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What's Really in Your Lucky Charms Cereal

They're magically malicious.
Lucky charms.jpg

General Mills recently announced they're releasing a limited edition all-marshmallows version of Lucky Charms. In anticipation of that Fantastic Four-sized sugar bomb, we wanted to take another look at what's currently on shelves. They're not the Lucky Charms you grew up with. Starting in 2005, General Mills began slowly moving whole grains into all its cereals, and today you'll find whole-grain corn, rice, oats and wheat in cereals like Trix, Cocoa Puffs, Reese's Puffs and Count Chocula. Considering that 95% of Americans fall short on their whole-grain intake, we applaud General Mills's effort, but unfortunately the move is a lot like sticking a small bandage on a machete wound.

Consider this: With whole grains in the fold, Lucky Charms now contains 2 grams of fiber per serving, while other whole-grain General Mills cereals have only 1 gram. Post Shredded Wheat, by comparison, consists entirely of whole-grain wheat, and it packs 6 grams of fiber into each serving. But what Lucky Charms lacks in fiber it makes up for in sugar — 10 grams per ¾ cup. It's not unlikely that a child would eat twice that much for breakfast, bringing the overall sugar load to almost a twin-wrapped package of Peanut Butter Twix. Thanks for the improvement, General Mills, but you'll have to do better before we'll sign off.


In the cereal industry, brightly colored marshmallow pieces are called "marbits." We have another name for them: candy. Thanks to the sugar impact of these marshmallows, your child can fulfill the American Heart Association's added-sugar limit for the entire day by eating 1 cup of cereal. Starting the day like that sets a young eater up for a short-run sugar rush and a long-run propensity for calorically dense, sugar-loaded foods. And don't think you're exempt as an adult—America's sugar addiction extends beyond the generation gap. The average American eats up to 4 ½ times more than the recommended limit, adding up to a total sugar intake of 132 pounds annually for every man, woman and child.

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Trisodium phosphate has its share of critics, but most of them are in the plumbing community. Yes, the additive is a key ingredient in many toilet bowl cleaners, and it has taken heat for being corrosive to metal pipes. In foods, trisodium phosphate is used to balance acidity, and the moderate amounts in which it appears are unlikely to be dangerous. That said, there's something discomforting about the idea of filling your cereal bowl and toilet bowl with the same chemical. (It's safe to say this is one of the worst breakfast foods for weight loss.)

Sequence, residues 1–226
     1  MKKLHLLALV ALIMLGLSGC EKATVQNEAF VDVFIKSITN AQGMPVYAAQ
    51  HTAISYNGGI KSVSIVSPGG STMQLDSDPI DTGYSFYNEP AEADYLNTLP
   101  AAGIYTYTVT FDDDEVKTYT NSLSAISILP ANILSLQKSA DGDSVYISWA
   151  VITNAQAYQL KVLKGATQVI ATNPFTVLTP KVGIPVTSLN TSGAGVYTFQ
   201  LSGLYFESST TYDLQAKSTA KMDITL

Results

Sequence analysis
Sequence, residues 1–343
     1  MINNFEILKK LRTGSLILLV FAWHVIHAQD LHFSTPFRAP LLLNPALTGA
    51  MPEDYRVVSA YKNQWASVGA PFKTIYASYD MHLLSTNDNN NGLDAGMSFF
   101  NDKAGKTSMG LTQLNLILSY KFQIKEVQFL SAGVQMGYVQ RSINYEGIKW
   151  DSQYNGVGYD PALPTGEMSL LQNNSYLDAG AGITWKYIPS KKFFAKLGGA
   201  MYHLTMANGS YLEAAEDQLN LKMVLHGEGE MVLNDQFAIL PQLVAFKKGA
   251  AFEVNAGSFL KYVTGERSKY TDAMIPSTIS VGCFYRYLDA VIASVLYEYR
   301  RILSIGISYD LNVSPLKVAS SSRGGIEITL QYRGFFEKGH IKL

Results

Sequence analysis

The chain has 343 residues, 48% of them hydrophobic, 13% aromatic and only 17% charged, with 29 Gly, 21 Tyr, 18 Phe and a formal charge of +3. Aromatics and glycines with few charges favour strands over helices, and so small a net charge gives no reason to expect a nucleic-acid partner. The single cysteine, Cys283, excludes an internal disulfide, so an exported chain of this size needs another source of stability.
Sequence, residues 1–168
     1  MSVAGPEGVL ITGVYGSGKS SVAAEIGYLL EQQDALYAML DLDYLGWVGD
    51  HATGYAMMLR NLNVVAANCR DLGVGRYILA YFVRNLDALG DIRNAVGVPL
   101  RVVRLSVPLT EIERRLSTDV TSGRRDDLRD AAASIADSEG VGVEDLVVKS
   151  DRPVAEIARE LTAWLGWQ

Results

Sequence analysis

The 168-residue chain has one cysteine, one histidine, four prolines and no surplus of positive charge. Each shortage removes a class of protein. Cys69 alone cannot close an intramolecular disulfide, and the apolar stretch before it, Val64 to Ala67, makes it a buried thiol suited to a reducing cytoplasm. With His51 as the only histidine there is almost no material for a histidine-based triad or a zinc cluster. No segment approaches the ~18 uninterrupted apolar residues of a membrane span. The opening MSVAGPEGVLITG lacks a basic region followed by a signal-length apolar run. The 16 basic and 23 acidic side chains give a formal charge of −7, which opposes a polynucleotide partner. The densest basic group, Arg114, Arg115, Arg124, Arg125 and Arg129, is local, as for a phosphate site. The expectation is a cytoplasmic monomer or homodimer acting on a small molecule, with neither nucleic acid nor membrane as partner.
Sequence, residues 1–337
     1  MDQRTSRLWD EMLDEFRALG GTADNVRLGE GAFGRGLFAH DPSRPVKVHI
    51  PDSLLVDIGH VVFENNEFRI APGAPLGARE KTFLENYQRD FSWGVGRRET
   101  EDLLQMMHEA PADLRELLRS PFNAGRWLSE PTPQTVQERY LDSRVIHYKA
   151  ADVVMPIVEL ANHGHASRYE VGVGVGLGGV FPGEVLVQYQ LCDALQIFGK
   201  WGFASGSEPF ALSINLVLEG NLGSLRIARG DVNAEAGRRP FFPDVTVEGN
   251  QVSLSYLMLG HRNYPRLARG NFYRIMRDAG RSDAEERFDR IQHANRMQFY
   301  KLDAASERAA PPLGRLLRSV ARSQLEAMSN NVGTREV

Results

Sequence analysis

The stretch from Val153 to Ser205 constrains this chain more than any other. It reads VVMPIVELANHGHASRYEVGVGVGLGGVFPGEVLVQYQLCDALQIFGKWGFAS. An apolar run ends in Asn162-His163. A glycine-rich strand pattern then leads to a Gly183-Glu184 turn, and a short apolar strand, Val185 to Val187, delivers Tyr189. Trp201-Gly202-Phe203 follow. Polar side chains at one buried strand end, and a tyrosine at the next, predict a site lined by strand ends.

The average American child consumes approximately 121 milligrams of artificial food dye every day. That's a serious problem. Take the two colors listed here. Studies have indicted Yellows 5 and 6 as potential causes of behavioral problems, learning problems, and hyperactivity in children. Add to that a roller coaster-style spike in blood sugar and it's no wonder 5.4 million US kids have been diagnosed with ADHD. Bottom line: A daily cereal like Lucky Charms doesn't guarantee academic failure, but it sure doesn't improve the odds of success.

For better suggestions (which don't include toilet bowl cleaner), check out our report on the Best Breakfast Cereals to Eat for Weight Loss.


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Registered Dietitian and Nutritionist Ilana Muhlstein lost her weight and kept it off—and in You Can Drop It!, she'll show you how to lose it, too. More than 240,000 clients have chosen her program—and now it’s yours to keep.

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